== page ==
nications engineering from the University of Valladolid, where she is also a Ph.D.
candidate. She has been involved in several national and European R&D pro-
jects, including IST FP5 MEDIANET, EUREKA CELTIC QUAR2, and EUREKA
CELTIC IMAGES. Her research interests include QoS measurement and provision-
ing in multimedia communications, VoIP, and NGN architectures.
ÁLVARO MARTINEZ (email@example.com) works as an R&D engineer at Telefónica I+D
since 1999, focused on services, software engineering, IP and NGN networks,
Web and voice over IP pre-commercial services, applications, platforms, and ter-
minals applied research and development for the Telefonica Group. Nowadays,
he works in open research and collaborative European innovation projects, tar-
geting residential, SME, and community customers.
TAMARA DE VEGA (firstname.lastname@example.org) graduated in 2002 with an M.Eng. in telecom-
munications engineering from the University of Valladolid. She has been an R&D
engineer at Telefónica I+D since 2002, involved in several national and Euro-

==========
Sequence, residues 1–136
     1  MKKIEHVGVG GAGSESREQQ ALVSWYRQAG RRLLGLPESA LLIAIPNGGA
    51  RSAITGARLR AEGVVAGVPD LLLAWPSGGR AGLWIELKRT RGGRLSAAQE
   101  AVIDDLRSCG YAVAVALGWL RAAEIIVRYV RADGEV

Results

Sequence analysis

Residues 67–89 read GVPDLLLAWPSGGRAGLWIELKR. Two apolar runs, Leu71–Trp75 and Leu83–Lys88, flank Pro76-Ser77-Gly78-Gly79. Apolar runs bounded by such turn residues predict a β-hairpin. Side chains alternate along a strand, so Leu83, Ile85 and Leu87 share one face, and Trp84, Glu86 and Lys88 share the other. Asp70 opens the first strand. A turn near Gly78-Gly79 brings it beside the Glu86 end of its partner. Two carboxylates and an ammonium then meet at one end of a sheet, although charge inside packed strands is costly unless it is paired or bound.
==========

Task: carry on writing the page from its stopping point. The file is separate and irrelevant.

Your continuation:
pean R&D projects related to service engineering, IP and NGN networks, and
voice over IP applications, platforms, and terminals.
PHILIPPE BOUILLÉ (email@example.com) graduated in 1991 in
electronics engineering from the National Institute of Applied Science (INSA),
France. He has been working for France Telecom R&D since 1993 and is in
charge of next-generation services developments for the company. He has partic-
ipated in several NGN service deployment projects since 2000 and participates
actively in related ETSI standardization tasks. His work areas include NGN ser-
vices, architectures and protocols, deployment strategies, business models, stan-
dardization, and qualification.
ANTOINE DE POORTER (firstname.lastname@example.org) has wide experience,
over nearly 20 years, working with wireless telephony systems, especially mobile
systems. He has worked with analog mobile systems, then GSM, and later UMTS.
Currently he works at the Ericsson Spain R&D Main Centre as a master systems
engineer. His main areas of competence are related to network user databases,
mobile network security, mobile multimedia systems, and 3G applications.